- 802.11n Wi-Fi is older and slower, with real-world performance typically around 50Mbit/s (again, with compatible computers). 802.11n is still more than adequate for a home office, but there’ll be a long wait for large file transfers.
802.11n routers tend to be cheaper than 802.11ac models as a result, but some ‘dual band’ models still support 5GHz networks for reduced wireless interference. Again, this only works with other 5GHz-compatible computers, so don’t buy without checking first.
All Wi-Fi networks can struggle to adequately cover a home with more than two floors or thick internal walls, although careful router placement usually helps. Otherwise, a wireless network range extender is the answer. These connect wirelessly to the router and provide a Wi-Fi signal of their own for increased coverage.
Wired networking is inherently secure, since physical access to the router is required to make a connection. This isn’t the case with Wi-Fi, so it’s important to understand and use the wireless security built into all Wi-Fi routers — and to change any settings from their default insecure initial states.
It’s also worth plugging your home router into an uninterruptible power supply. A laptop’s built in battery will see it through a power cut, but it may not be much use without internet access. An uninterruptible power supply (UPS) should power a router for a few hours, though, so you can carry on working as normal.
Five of the Best… Home Network Devices
Some superfast broadband services supposedly only work with the provider’s own hardware, which often isn’t up to scratch. You can substitute you own router as long as it supports VDSL for fibre and cable broadband services, but you’ll need to research compatibility before buying.
Otherwise, any router will work if you connect the original router in ‘modem’ mode and the TP-Link Archer C9 is a very capable 802.11ac model with great coverage and speedy performance.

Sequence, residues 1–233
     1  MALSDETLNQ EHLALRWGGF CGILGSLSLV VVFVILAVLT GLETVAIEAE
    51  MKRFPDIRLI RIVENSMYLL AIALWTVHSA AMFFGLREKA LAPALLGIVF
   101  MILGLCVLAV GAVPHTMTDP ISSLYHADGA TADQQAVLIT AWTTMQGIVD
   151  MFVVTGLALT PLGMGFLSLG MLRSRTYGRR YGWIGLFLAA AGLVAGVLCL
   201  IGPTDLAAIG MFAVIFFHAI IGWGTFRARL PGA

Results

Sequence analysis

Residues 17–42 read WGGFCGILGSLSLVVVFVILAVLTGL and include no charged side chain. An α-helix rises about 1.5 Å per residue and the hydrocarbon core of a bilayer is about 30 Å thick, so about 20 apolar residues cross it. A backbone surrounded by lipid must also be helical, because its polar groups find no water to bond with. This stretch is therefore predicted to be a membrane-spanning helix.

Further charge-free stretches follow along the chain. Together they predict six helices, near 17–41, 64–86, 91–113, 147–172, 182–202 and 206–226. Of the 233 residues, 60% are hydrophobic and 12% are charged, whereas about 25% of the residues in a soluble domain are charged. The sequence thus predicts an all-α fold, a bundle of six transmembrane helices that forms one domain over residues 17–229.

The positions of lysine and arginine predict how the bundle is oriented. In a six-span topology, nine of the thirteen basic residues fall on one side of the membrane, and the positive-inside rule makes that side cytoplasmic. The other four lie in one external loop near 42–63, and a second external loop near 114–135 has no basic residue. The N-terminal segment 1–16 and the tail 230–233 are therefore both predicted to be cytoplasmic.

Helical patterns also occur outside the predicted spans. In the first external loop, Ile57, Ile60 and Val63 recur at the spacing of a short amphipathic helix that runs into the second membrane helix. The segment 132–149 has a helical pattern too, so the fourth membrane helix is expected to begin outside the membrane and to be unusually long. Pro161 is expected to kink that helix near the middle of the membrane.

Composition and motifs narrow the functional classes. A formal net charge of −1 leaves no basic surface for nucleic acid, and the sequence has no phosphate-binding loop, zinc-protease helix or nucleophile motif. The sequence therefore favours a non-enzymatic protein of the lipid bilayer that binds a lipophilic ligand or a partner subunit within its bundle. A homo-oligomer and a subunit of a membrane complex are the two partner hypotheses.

There’s little point in buying a new 802.11n router. The technology is all but obsolete now and while a newer 802.11ac router may cost more, you can use it with older Wi-Fi devices until you upgrade them.
But if super-speedy Wi-Fi isn’t on the shopping list, 802.11n still offers solid performance and the Draytek Vigor 2760n not only has a built-in VDSL modem for fibre broadband, but it can also be used for internet telephone calls without the need for a computer.
If your home router is far from your home office and Wi-Fi coverage suffers as a result, plug the BT Dual-Band Wi-Fi Extender 1200 into a mains socket partway between the two and you’ll extend the network in an instant.
If you want to use wired networking for your home office, you’ll soon run out of Ethernet ports on your Wi-Fi router. A network switch will add more — it just connects to your router like any other device and more devices connect to it. You’ll need a Gigabit switch for a Gigabit router and the NetGear GS1XX range is a great low-cost option that provides anything from five to 16 ports.
- From around £20
Looking like an eight-way mains adapter that’s been working out, the APC BE400-UK uninterruptible power supply provides battery backup for connected devices during power cuts. It won’t last long with every socket in use, but with just a router and other essentials plugged in, it should see you through most outages.